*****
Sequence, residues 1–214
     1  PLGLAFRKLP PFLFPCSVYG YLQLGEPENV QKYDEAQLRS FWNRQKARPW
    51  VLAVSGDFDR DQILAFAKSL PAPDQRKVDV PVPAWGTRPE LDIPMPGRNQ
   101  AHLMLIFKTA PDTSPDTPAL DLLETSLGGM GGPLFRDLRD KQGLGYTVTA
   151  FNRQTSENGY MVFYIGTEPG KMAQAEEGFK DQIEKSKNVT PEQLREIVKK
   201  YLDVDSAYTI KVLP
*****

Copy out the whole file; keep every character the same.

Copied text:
Sequence, residues 1–214
     1  PLGLAFRKLP PFLFPCSVYG YLQLGEPENV QKYDEAQLRS FWNRQKARPW
    51  VLAVSGDFDR DQILAFAKSL PAPDQRKVDV PVPAWGTRPE LDIPMPGRNQ
   101  AHLMLIFKTA PDTSPDTPAL DLLETSLGGM GGPLFRDLRD KQGLGYTVTA
   151  FNRQTSENGY MVFYIGTEPG KMAQAEEGFK DQIEKSKNVT PEQLREIVKK
   201  YLDVDSAYTI KVLP